The goal of the problem statement is not only to garner the attention of your audience, but it also serves to make the solution look amazing. Next, we will dig into the solution; but mind you, we will be tweaking each element – problem, solution, and market size – as we go. Iteration is our friend here!

 

Solution

Once you have articulated the problem, your next step is to discuss how your solution fixes that problem beautifully. Doing this requires just as much effort to keep the answer short and punchy as the problem statement. Many leaders presume their audiences already understand why a product is essential. They want to rush into their demo. Take a moment to make sure your audience recognizes your solution’s value before you crack open your laptop and start your demo! Sell the trick, then perform it!

 

Connect Directly to the Problem

Your problem statement should set the stage for your solution to shine. We want our solution statement to connect directly to that problem before we get into any other part of the solution. Make the correlation for your customer; do not let them guess. A problem statement communicates the value of what you are doing and delivers value by promoting efficiency.

 

Why Are Problem Statements Important?

A clear problem statement can help you build a team of engaged employees and invested stakeholders to solve the issue.

 

What Does Your Problem Statement Need?

Even managers who believe in the power of problem statements have a hard time drafting them. While the process seems simple at face value, creating a problem statement requires insight and research to be effective. 

Problem statements are typically made up of three parts: a user, a need, and a goal, describes Sarah Gibbons, chief designer at Nielsen Norman Group.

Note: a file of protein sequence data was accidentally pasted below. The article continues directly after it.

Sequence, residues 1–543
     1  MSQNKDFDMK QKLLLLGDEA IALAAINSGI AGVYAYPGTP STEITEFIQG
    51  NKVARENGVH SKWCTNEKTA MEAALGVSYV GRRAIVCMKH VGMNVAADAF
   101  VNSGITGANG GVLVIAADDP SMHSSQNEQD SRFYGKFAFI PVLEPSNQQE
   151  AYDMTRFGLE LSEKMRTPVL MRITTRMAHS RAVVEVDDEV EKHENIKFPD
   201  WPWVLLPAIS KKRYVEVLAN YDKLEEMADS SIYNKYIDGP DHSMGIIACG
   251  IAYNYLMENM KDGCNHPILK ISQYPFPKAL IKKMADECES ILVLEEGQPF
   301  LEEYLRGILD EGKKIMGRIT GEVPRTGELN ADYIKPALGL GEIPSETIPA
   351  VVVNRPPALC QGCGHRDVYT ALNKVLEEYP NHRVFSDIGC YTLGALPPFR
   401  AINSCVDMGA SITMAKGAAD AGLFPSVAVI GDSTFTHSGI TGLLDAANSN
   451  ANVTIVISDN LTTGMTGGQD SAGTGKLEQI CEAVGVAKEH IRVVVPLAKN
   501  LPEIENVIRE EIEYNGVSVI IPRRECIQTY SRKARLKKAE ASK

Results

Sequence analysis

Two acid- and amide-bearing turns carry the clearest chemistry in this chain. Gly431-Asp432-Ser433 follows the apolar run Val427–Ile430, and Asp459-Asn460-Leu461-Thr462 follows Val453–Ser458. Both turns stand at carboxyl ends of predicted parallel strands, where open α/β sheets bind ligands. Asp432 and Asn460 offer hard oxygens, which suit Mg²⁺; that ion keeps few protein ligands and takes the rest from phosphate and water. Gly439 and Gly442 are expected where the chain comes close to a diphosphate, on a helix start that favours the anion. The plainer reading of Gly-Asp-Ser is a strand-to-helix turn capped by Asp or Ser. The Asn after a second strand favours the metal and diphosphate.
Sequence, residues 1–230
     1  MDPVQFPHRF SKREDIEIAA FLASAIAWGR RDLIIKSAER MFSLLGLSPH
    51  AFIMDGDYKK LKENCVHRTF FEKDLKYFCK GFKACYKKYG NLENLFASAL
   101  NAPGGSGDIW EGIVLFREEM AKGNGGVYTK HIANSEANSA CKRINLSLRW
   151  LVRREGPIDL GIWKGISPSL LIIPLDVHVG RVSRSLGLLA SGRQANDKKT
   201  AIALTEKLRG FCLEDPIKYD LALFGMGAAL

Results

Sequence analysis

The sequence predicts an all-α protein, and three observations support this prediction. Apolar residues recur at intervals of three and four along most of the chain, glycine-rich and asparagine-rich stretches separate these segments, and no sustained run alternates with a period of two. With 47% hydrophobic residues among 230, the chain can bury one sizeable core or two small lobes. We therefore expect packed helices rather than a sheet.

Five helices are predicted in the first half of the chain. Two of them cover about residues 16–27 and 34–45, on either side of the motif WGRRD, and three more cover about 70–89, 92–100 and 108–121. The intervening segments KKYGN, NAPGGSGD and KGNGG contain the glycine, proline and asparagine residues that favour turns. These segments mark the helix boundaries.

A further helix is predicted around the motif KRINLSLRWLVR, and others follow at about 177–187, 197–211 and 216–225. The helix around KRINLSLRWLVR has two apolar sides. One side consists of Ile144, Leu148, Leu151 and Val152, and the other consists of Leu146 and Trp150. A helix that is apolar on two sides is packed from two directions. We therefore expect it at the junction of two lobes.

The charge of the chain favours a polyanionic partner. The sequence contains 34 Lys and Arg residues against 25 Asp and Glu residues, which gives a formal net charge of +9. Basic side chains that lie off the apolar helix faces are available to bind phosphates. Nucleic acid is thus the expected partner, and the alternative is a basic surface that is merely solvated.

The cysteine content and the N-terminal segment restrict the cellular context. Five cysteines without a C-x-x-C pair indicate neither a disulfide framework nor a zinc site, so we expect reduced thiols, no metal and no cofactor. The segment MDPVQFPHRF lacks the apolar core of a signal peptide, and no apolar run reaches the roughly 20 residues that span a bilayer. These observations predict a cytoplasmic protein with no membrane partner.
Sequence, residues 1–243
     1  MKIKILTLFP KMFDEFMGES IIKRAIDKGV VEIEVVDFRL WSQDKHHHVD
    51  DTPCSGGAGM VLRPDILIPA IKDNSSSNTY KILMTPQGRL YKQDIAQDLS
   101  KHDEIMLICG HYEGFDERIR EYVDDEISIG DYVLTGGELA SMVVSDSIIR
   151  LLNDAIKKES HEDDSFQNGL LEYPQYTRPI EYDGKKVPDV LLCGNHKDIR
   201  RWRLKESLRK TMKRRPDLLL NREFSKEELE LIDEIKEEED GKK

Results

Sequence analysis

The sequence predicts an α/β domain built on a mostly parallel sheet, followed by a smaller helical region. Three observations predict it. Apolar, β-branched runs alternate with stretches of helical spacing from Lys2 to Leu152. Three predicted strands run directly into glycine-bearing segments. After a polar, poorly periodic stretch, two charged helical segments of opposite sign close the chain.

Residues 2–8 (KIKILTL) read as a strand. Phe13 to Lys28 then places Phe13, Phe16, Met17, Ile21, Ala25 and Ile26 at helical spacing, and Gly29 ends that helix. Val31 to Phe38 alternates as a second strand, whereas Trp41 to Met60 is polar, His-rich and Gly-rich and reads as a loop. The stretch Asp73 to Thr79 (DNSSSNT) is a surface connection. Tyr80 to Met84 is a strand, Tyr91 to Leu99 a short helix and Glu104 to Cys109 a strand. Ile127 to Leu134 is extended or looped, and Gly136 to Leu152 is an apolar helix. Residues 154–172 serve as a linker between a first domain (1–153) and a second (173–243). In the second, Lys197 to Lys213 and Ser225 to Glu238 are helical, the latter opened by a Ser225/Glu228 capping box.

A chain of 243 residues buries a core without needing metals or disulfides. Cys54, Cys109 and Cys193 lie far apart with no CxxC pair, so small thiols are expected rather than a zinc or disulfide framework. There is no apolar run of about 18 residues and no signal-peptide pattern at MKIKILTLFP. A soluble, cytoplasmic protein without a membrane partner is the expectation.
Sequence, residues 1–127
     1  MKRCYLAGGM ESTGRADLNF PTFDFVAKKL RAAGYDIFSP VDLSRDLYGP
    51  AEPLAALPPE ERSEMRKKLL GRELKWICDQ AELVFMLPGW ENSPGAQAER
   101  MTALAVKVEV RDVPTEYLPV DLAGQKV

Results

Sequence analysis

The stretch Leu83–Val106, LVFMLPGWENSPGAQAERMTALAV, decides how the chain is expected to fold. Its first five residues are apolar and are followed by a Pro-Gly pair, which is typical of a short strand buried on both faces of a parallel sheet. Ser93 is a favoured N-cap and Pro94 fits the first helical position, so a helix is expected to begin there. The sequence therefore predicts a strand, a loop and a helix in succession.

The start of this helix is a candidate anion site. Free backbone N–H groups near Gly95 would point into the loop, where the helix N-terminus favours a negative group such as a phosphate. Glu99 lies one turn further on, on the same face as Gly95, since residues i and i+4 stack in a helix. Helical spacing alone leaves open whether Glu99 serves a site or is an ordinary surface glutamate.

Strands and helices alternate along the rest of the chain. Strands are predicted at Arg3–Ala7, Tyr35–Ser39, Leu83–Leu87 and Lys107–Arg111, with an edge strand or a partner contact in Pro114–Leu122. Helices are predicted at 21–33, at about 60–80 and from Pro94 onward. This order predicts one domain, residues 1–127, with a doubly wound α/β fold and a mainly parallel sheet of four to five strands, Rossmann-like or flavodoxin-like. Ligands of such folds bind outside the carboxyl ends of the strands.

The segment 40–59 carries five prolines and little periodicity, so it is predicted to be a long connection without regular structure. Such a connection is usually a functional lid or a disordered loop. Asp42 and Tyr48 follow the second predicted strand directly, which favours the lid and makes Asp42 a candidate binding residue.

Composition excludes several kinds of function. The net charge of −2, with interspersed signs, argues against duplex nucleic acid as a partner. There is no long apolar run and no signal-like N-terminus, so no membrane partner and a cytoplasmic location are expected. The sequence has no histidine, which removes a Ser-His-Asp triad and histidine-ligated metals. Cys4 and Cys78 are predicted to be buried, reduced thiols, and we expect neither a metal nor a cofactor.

The basic form is: “[A user] needs [need] in order to accomplish [goal].” 

Your problem statement can be extremely clear and straightforward, starting as one or two sentences, but should be backed with data, research, and insights into the problem. A vague problem statement will not let you get to the root of the issue, and clear facts will not win people over to make a change.

Shona McCombes at Scribbr says problem statements also need to address why something must be solved. What is the purpose of putting time and energy into finding a solution? Identifying this will be valuable in driving stakeholder buy-in. If you can tie facts into the benefits of solving the problem to prove an ROI, you will be able to win your management team. 

Most stakeholders and team members will not read anything beyond the basic problem statement, but you will need insights into how the statement was developed to lobby for your cause.

In identifying the problem, you may want to use the “5 Whys” method. You ask why something is a problem. You then ask why about the answer to the previous problem. You repeat this until you have asked five questions, generally getting you to the root cause of the problem

By the time you drill down to the last five questions, you can direct the design and branding teams to create signage for individual locations to help customers. The problem statement becomes much more concrete and valuable.

Find your problem, the gap it causes, and the impact. Create your solution for your customers–and thrive.